Let’s Talk Steak

Steak is a treat food for me. I don’t eat it all that often because it’s a little pricier than my go-to chicken and it’s not as healthy to eat all the time. But if you do it right, steak can be budget-friendly and good for you. Plus, I think it’s even easier to cook than chicken. Steak is a lot more forgiving because you can cook it to your liking, whereas you can only cook chicken until it’s done (no rare or even medium-rare chicken, please). So before I get into a simple steak recipe, I want to share some basic tips for cooking steak.

Steak is a delicious, easy treat.

Have you ever heard of the hand test to check if the steak is done? No? Well no more cutting the steak open to see if it’s cooked! And no meat thermometers either. Cutting the steak open or poking a hole with a meat thermometer lets the juices run out and makes the meat dry (not to mention it’s not super pretty either). Instead, all you need is the palm of your hand to check if your steak is rare, medium rare, medium, or well done. Simply press on the meat and compare to the pad of your hand as is shown below:

Raw: Open the palm of your hand. Relax the hand. Take the index finger of your other hand and push on the fleshy area between the thumb and the base of the palm. Make sure your hand is relaxed. This is what raw meat feels like.

Rare: Press the tip of your index finger to the tip of your thumb. The fleshy area below the thumb should give quite a bit. This is what meat cooked to rare feels like. Open up your palm again and compare raw to rare.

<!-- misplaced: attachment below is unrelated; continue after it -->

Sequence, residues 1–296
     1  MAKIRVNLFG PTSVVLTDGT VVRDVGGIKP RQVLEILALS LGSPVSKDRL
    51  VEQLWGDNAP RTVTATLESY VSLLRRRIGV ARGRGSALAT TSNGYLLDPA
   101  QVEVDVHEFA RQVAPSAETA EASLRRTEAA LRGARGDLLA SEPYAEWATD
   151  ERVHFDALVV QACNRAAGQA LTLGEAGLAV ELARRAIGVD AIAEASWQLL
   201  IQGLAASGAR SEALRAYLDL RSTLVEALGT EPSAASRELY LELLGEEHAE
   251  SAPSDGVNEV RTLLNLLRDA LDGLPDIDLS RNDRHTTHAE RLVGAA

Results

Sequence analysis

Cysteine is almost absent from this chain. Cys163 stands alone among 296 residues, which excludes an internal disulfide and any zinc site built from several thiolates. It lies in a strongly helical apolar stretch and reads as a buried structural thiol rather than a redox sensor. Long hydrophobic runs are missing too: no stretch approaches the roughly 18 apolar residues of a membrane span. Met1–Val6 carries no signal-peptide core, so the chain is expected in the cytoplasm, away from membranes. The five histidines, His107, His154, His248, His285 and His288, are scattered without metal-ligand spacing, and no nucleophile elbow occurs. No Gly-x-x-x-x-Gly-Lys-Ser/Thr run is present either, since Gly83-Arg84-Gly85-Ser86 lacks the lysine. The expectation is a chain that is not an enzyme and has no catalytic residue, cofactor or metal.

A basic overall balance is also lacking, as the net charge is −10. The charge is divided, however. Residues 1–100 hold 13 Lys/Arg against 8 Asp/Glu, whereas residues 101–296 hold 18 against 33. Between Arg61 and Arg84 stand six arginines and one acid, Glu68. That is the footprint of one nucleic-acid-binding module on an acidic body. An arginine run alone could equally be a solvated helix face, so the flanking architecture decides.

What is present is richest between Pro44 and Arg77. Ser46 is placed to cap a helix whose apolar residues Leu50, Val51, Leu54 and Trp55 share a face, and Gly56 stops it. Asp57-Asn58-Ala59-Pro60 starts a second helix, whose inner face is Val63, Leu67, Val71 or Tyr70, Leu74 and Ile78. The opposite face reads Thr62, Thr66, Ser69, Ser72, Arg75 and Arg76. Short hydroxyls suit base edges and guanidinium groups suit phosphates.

Medium rare: Gently press the tip of your middle finger to the tip of your thumb. This is medium rare. Press on the steak and see if it feels similar – this is my favorite doneness.

Medium: Press the tip of your ring finger and your thumb together. This is what meat cooked to a medium doneness feels like.

Well Done: Now gently press the tip of your pinky and your thumb together. Again feel the fleshy area below the thumb. It should feel quite firm. This is what well done meat feels like when you press on it.

Got it? It’s pretty simple really, and it’s amazing how accurate that test is. Just remember that the meat continues to cook for a little bit after you take it off the stove or grill.

Next tip: Always let the meat rest so it can reabsorb the juices. Don’t you hate when you cut into a steak and the juices run all over your plate and into your potatoes? Instead, let the steak rest for 10 minutes before cutting into it. Cover it with aluminum foil to keep it warm.

Last tip: When buying steak, I generally gravitate towards less marbling (less fat). More marbling may mean more flavor but I think it makes the meat tough and chewy, not to mention much less healthy for you. If you get a cut with the fat around the outside instead of throughout, then you can cook the steak with the fat on for the flavor and then just cut it out when you eat it. Also, you don’t have to buy filet mignon to have a good steak. You can get decent cuts of meat for a decent price if it’s just any regular weekday night. Save the splurge cuts (like filet mignon) for special occasions.

Ready for a super simple steak recipe? Here goes…

What you’ll need:
2 steaks, any cut
1 teaspoon steak seasoning

What you’ll need to do:

Place a grill pan over medium-high heat and spray with cooking spray. Get your pan really hot before you put your steaks in – searing the meat will lock in the flavor and juices. Season both sides of the meat with the steak seasoning (if you don’t have steak seasoning, just use some salt and pepper). Cook the steak for about 5 minutes on each side using the hand test to check doneness. Serve with your favorite side dishes and enjoy!

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